Menu

Ola Ojewumi

Ola Ojewumi
Position: Founder/Director
Organization: Project ASCEND
Country of Origin:
Current Location:
Ola’s nonprofit supports women/girls repro health/education in Guatemala & college scholarships for poor women in the U.S. She’s lobbied Congress for funding for UN women’s programs and wrote about repro health access for Marie Claire in Guatemala. – Nominator
Describe your contributions to and achievements in family planning.

As an activist, I've lobbied Congress for increased funding for UNFPA family planning and reproductive health programs in over 100 hundred countries. In addition, I've written about the challenges women in Guatemala face from maternal/infant mortality to global violence against women for Marie Claire. These writings were used by the Population Council to teach indigenous women the English language. My experiences inspired me to create a nonprofit, Project ASCEND, which supports women and youth education programs in the across the globe. In addition, I've worked on the White House on President Obama's Council on Women and Girls, Office of Democratic Leader Nancy Pelosi, Population Action International and in the Planned Parenthood Metropolitan Washington Developing Leaders Program.

What sparked your passion for family planning?

I am a daughter and descendant of Africa, a region facing a reproductive health crisis due to high rates of death during childbirth, minimal access to professional medical care and contraceptives, bans on abortions, early motherhood and limited freedom to decide when to begin a family. This inspires me to change the world for my fellow African sisters, mothers, daughters and aunts that yearn for the same rights, privileges and opportunities that I have in the United States.

What is the biggest challenge you’ve faced in your family planning efforts, and what have you done to overcome it?

My largest challenge was establishing a nonprofit at age 20. After traveling to Guatemala and witnessing limited reproductive rights women abroad have inspired me to act. As a college student, I didn’t know how to effectively run an organization. After 5 years, we have expanded from a small organization to a sustainable nonprofit with funding from MTV, Glamour magazine, HSC Foundation, Keds, TMI Agency and Zip Car with initiatives in Washington, D.C., West Africa and Central America.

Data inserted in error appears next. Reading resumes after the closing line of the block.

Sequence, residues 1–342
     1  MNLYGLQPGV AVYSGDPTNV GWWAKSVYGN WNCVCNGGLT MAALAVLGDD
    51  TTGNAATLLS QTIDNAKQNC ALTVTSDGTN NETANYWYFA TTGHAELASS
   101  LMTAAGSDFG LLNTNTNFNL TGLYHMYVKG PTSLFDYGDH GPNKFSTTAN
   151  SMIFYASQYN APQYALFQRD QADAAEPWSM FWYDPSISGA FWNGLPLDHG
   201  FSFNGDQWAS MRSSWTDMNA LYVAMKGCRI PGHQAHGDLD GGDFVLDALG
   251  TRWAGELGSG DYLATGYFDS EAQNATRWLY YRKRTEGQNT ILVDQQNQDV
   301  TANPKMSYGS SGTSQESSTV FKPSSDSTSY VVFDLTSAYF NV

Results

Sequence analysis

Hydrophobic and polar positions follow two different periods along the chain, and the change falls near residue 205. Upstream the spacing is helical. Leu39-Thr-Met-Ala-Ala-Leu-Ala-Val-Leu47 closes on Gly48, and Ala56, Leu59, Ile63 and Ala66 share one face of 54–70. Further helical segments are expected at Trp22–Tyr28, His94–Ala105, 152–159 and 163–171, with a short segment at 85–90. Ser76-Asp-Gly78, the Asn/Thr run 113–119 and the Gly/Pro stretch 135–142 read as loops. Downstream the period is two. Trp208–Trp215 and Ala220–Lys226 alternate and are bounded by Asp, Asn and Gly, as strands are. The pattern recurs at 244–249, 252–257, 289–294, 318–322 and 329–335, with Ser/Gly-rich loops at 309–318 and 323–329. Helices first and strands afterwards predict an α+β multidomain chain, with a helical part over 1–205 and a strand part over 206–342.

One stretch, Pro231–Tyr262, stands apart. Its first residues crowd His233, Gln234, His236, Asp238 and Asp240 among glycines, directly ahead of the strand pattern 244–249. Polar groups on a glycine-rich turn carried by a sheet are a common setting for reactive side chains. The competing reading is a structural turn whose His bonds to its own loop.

What is your (country/region/city)’s biggest challenge in family planning, and how can it be addressed?

I’m a native of Washington, DC, which is home to a crumbling public education system, high rates of HIV/AIDS, teen pregnancy, incarceration and poverty. I watched as my friends fell victim to these structural inequalities. Our largest family planning issue is not equipping impoverished youth with access to affordable contraceptives, abortions and comprehensive sex education. Unfortunately, our government works to reduce women’s rights. Public policy needs to change for women and girls to thrive.

What do you want to accomplish in the next 5 years?

In 5 years, I hope to expand my nonprofit organization and begin supporting family planning education in more countries. I hope to overcome a few obstacles in order to achieve my dreams. I am the recipient of a heart and kidney transplant, I’ve battled a post-transplant cancer and I recently underwent chemotherapy. I hope to share my story of survival with the world by emphasizing the importance of using our short lives to make an impact and improve the lives of our fellow man.

Subscribe to receive email updates about 120 Under 40.

Grid
Outlines